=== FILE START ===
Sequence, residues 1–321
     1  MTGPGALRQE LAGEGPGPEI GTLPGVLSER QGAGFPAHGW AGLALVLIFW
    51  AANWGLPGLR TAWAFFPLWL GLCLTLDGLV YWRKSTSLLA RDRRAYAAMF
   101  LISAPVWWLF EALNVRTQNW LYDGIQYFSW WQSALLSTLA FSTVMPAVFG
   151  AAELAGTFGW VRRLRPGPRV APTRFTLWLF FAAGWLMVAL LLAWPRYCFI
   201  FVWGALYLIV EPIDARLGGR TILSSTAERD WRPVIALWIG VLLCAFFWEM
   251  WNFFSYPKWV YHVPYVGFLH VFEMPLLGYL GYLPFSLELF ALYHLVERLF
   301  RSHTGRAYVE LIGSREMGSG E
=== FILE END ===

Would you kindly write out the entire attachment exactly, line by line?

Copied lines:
Sequence, residues 1–321
     1  MTGPGALRQE LAGEGPGPEI GTLPGVLSER QGAGFPAHGW AGLALVLIFW
    51  AANWGLPGLR TAWAFFPLWL GLCLTLDGLV YWRKSTSLLA RDRRAYAAMF
   101  LISAPVWWLF EALNVRTQNW LYDGIQYFSW WQSALLSTLA FSTVMPAVFG
   151  AAELAGTFGW VRRLRPGPRV APTRFTLWLF FAAGWLMVAL LLAWPRYCFI
   201  FVWGALYLIV EPIDARLGGR TILSSTAERD WRPVIALWIG VLLCAFFWEM
   251  WNFFSYPKWV YHVPYVGFLH VFEMPLLGYL GYLPFSLELF ALYHLVERLF
   301  RSHTGRAYVE LIGSREMGSG E